The Hood Canal Bridge closed for several hours because of high winds (reopening just after 2 p.m.), and gusts up to 49 mph were recorded on the Highway 520 bridge across Lake Washington.

See a collection of storm photos, videos from Twitter today.

Wind speeds were still climbing at noon, expected to reach the 60 mph range by 4 p.m., according to the Weather Service.

The size and number of power outages was changing nearly by the minute as crews scrambled to deal with limbs and trees on power lines throughout the region.

Around 4:05 p.m.:

  • Puget Sound Energy had more than 191,000 customers without power, spanning east and north King County.
  • Seattle City Light reported slightly over 3,150 customers without power — a little more than half the number reported a few hours earlier. Power had been restored to Alki Elementary and Pathfinder K-8, according to tweets from Seattle Public Schools
  • The Snohomish County PUD reported 24,000 customers without power around 2:30 p.m. The public utilities department restored power for more than 7,000 of them about 30 minutes later.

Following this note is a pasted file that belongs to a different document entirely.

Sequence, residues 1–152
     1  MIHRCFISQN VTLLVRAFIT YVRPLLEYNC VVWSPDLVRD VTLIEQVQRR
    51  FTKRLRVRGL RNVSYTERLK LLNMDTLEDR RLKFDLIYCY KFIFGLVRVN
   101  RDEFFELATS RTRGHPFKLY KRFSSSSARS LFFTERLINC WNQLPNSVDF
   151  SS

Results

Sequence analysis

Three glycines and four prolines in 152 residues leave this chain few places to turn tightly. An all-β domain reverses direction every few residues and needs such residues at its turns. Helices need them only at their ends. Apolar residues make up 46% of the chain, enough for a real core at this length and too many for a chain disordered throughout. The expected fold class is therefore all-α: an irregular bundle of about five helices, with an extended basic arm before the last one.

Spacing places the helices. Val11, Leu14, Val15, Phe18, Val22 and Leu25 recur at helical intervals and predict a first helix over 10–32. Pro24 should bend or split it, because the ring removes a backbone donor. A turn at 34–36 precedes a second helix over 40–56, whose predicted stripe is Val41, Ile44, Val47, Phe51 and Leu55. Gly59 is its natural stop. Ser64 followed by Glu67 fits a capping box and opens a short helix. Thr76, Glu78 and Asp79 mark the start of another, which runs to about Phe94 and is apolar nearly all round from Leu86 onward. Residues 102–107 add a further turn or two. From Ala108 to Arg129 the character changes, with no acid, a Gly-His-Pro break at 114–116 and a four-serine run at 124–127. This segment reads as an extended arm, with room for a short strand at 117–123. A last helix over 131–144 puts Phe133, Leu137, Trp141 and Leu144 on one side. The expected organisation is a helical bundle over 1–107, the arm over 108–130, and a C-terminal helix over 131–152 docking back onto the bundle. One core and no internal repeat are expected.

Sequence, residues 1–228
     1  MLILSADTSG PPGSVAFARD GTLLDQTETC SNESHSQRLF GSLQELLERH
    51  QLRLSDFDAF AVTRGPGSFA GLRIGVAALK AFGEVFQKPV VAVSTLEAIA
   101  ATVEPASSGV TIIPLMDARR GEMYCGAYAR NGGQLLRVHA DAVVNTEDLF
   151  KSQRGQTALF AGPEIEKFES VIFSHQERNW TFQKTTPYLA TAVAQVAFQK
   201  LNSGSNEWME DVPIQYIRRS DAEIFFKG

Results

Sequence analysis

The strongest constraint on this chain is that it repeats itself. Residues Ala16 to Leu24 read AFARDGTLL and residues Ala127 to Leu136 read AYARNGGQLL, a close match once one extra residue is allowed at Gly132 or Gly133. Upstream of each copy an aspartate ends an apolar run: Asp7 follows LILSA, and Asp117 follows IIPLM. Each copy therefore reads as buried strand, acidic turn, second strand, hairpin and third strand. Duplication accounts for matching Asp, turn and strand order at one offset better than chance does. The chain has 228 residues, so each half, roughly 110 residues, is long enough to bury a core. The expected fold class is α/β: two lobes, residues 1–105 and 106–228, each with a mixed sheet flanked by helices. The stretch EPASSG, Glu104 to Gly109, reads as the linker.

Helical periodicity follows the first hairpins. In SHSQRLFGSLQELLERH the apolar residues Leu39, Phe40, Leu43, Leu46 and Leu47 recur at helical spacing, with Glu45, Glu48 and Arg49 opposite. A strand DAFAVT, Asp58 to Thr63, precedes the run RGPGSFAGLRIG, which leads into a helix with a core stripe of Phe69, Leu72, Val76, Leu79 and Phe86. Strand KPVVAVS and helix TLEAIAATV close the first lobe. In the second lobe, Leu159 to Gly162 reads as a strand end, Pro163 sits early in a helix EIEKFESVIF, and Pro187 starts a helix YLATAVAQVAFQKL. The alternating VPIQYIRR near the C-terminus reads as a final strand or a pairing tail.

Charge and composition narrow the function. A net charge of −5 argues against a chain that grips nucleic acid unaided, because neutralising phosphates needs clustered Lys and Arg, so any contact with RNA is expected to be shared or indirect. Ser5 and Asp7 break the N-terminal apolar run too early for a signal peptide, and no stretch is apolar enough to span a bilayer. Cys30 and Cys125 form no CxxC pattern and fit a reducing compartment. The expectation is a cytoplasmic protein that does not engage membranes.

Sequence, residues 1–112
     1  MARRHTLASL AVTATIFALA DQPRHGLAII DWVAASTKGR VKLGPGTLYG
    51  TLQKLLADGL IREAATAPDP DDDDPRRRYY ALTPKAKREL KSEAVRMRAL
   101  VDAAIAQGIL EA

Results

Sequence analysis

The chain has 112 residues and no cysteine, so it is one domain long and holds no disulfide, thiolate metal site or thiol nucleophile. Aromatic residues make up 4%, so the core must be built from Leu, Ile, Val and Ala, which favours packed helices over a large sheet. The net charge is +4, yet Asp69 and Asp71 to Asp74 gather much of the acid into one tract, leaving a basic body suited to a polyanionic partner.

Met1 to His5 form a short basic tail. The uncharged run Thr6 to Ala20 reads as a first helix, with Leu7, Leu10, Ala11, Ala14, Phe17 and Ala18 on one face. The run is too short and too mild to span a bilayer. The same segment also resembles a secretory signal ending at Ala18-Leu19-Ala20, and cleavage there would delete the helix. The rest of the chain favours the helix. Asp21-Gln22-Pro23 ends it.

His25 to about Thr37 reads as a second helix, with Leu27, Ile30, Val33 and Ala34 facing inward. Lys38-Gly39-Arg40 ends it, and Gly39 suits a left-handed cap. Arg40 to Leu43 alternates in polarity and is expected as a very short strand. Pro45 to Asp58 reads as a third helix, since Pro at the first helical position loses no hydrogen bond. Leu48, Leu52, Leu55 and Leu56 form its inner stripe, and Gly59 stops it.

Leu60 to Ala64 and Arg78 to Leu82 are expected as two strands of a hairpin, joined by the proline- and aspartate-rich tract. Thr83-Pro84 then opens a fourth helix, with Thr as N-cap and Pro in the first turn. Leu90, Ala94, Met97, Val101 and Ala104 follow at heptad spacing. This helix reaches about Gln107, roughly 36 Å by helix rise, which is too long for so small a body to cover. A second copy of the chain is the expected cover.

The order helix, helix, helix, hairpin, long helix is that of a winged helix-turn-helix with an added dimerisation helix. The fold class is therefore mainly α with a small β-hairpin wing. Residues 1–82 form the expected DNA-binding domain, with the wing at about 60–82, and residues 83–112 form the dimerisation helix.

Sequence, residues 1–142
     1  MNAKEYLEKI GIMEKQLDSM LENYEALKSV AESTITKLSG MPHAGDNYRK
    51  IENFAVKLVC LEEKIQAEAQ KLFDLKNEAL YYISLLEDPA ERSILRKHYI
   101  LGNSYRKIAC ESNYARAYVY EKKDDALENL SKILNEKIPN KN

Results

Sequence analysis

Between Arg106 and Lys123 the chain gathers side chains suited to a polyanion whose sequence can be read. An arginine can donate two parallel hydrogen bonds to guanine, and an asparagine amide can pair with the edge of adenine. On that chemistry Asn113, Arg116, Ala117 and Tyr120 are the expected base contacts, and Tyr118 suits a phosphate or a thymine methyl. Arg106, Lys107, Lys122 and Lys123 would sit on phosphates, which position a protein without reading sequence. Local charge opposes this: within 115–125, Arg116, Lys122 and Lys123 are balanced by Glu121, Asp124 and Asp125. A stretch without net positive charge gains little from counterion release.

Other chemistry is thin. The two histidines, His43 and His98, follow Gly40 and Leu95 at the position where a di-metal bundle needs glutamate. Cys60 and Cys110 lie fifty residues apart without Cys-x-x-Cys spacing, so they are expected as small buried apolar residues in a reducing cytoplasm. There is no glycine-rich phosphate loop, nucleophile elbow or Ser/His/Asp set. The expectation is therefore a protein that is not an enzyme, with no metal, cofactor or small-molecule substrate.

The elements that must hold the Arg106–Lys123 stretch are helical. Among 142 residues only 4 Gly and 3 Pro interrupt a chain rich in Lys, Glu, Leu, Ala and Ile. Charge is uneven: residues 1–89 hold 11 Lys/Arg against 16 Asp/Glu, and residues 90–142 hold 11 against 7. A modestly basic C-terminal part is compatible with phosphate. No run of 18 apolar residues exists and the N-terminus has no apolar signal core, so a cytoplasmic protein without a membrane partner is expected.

“We have plenty of crews out there for what we’re seeing so far,” said Snohomish County PUD spokesman Neil Neroutsos. He said outages caused by a limb on a power line can often be fixed within 45 minutes to an hour.

The Snoqualmie River was experiencing moderate flooding as of 3:30 p.m.

The state Department of Transportation on Twitter said at 4:03 p.m. there were two mudslides blocking Highway 2 between Skykomish and Deception Falls.

A mudslide has closed the North Cascades Highway (Highway 20) near Newhalem, a Seattle City Light company town and part of the Skagit Hydroelectric project. The slide is blocking access to Diablo, another small company town.

“It’s not affecting our operations at the hydroelectric project, but it does mean we can’t get employees from Newhalem to Diablo,” said Scott Thomsen, a Seattle City Light spokesman.

Although Tuesday morning rains were not particularly heavy, saturated ground and rivers running close to capacity presented continued danger of floods and landslides.

The Mount Baker Ski Area will open Thursday after getting about 15 inches of snow over the weekend.

A look at the scene in West Seattle:




More than 24,000 Puget Sound Energy customers are without power, according to the utility’s outage map. Seattle City Light reported more than 1,100 homes and businesses had lost power